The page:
The Philosophical Review (1 April 2013) 122 (2): 189–214.
Published: 01 April 2013
...Carolina Sartorio Some philosophers have claimed that causally determined agents are not morally responsible because they cannot make a difference in the world. A recent response by philosophers who defend the compatibility of determinism and responsibility has been to concede that causally...
The Philosophical Review (1 April 2019) 128 (2): 179–217.
Published: 01 April 2019
...? Dispositionalists claim that the basing relation consists in the agent's manifesting a disposition to respond to those bases by having the belief, intention, resentment, and so on, in question. Representationalists claim that the basing relation consists in the agent's representing the bases as justifying the...
The Philosophical Review (1 October 2016) 125 (4): 473–507.
Published: 01 October 2016
...Daniel Koltonski On the shared-ends account of close friendship, proper care for a friend as an agent requires seeing yourself as having important reasons to accommodate and promote the friend's valuable ends for the friend's own sake. However, that friends share ends doesn't inoculate them against...
The Philosophical Review (1 July 2009) 118 (3): 351–374.
Published: 01 July 2009
... are best solved by comparing the auxiliary to the timocrat, both of whom represent different forms of second-best morality. A lengthy discussion of the early education's effect on the spirited part shows how the auxiliary represents the best kind of moral agent that the second-best nature (silver...
The Philosophical Review (1 October 2017) 126 (4): 421–479.
Published: 01 October 2017
.... We can thus formalize several distinctions, such as between consequentialist and nonconsequentialist theories, between universalist and relativist theories, between agent-neutral and agent-relative theories, between monistic and pluralistic theories, between atomistic and holistic theories, and...
The Philosophical Review (1 July 2016) 125 (3): 341–396.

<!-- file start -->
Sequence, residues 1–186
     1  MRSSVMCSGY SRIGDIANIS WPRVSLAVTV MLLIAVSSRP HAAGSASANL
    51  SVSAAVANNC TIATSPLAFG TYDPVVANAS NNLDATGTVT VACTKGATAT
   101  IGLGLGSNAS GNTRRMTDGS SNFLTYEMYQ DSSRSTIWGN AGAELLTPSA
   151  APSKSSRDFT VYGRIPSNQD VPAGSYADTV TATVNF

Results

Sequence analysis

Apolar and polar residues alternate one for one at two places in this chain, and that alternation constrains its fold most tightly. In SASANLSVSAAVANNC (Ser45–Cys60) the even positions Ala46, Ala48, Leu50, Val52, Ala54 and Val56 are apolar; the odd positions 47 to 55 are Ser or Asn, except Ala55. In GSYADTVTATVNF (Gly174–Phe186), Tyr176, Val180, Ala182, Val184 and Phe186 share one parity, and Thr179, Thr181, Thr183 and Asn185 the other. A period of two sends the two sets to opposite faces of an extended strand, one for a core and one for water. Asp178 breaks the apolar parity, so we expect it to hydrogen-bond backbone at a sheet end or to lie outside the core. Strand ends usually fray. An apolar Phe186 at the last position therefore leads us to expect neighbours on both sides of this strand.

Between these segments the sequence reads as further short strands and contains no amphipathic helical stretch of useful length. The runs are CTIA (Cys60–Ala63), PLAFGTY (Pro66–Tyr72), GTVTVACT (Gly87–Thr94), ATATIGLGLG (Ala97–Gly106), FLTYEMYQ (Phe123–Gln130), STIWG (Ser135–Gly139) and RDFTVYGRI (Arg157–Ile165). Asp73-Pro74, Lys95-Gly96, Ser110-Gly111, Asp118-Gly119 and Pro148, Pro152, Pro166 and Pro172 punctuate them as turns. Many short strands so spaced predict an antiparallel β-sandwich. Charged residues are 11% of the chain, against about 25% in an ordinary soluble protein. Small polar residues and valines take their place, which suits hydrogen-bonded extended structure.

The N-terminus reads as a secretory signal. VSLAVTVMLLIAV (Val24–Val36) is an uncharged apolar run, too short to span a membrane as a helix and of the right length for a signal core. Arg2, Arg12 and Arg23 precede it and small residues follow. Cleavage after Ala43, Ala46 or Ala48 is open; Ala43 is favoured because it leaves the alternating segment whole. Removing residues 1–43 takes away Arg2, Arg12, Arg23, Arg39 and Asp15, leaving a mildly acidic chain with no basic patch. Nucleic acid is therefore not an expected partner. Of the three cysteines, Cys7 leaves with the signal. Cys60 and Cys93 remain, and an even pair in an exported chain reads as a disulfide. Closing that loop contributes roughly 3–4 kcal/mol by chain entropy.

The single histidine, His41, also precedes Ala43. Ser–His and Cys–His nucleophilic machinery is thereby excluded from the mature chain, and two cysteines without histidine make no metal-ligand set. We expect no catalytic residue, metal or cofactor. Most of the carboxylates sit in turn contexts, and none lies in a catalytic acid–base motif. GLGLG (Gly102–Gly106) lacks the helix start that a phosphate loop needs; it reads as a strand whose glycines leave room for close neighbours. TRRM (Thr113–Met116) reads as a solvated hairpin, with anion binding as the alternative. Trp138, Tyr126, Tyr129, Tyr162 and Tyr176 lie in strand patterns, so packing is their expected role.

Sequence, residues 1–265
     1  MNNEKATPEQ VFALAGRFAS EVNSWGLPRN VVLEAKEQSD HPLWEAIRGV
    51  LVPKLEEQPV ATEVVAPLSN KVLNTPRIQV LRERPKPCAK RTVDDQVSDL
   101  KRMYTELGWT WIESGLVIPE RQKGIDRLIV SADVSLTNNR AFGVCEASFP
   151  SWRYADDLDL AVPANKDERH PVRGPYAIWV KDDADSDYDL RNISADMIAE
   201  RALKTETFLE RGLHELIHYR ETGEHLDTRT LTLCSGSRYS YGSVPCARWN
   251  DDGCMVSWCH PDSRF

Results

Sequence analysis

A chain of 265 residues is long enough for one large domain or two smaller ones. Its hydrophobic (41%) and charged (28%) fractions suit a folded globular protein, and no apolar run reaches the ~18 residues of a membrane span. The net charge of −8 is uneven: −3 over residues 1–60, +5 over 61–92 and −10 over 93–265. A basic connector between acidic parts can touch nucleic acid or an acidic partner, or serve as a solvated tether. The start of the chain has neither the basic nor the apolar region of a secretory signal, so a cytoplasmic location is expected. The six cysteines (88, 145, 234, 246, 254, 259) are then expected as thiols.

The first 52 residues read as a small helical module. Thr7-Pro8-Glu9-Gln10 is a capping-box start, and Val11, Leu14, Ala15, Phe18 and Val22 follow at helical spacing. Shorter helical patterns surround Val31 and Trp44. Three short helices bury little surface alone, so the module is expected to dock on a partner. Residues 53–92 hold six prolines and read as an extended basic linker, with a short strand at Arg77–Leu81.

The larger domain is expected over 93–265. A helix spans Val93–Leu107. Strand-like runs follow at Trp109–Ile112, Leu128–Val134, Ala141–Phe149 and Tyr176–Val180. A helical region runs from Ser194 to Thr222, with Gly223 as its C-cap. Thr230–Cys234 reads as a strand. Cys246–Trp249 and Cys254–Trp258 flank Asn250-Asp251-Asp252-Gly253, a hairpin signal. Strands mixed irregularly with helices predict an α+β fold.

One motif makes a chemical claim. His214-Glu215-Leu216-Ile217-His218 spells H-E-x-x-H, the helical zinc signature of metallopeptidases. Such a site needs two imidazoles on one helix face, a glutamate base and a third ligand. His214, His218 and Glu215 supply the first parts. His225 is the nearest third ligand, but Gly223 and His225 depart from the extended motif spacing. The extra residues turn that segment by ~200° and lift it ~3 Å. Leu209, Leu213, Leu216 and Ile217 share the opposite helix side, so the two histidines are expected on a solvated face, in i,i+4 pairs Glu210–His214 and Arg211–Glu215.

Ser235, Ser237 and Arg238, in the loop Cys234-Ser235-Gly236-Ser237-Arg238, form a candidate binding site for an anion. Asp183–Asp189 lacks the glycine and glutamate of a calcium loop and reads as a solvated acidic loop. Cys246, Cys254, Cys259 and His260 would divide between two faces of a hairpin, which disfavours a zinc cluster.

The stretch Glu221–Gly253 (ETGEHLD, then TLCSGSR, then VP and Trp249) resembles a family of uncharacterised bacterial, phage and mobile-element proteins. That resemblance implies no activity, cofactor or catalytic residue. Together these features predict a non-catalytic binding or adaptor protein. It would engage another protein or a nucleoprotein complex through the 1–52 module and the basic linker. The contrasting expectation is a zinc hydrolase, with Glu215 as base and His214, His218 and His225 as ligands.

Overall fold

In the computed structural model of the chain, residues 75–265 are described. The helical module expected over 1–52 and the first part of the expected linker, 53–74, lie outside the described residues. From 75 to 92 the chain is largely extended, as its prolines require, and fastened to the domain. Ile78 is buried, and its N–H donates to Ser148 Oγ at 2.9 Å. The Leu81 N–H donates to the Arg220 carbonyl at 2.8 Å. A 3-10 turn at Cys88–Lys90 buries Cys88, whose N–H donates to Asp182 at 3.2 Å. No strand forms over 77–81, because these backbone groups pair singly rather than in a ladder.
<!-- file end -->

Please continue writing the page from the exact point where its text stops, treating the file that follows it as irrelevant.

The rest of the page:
Published: 01 July 2016
... view that this essay goes on to develop and defend, called the group epistemic agent account : groups are epistemic agents in their own right, with justified beliefs that respond to both evidence and normative requirements that arise only at the group level but that are nonetheless importantly...
The Philosophical Review (1 April 2008) 117 (2): 159–191.
Published: 01 April 2008
... between the agent and others, which conflicts intractably with a presupposition of consequentialism. This allows him to differentiate three potentially conflicting evaluative spheres: morality, prudence, and aesthetics. This essay's account of Mill's utilitarianism coheres with his defense of individual...
The Philosophical Review (1 October 2008) 117 (4): 555–606.
Published: 01 October 2008
... Beauty awakens her degree of belief in heads should be one-third. This demonstrates that it can be rational for an agent who gains only self-locating beliefs between two times to alter her degree of belief in a non-self-locating claim. © 2008 by Cornell University 2008 Arntzenius, F. 2003...
The Philosophical Review (1 October 2010) 119 (4): 411–447.
Published: 01 October 2010
... conflicts with the principle of Countable Additivity. The essay then argues that the most plausible response to the conflict between these principles is to maintain that they are both valid and that, when an agent cannot satisfy them both, he or she is faced with a rational dilemma. The essay is divided...
The Philosophical Review (1 April 2011) 120 (2): 207–245.
Published: 01 April 2011
...Barry Lam If you are currently a reliable epistemic agent in some domain, you would not want to adopt a rule of belief-revision in that domain that rendered you less reliable. However, you probably would want to adopt a rule that rendered you more reliable in that domain. In the epistemology of...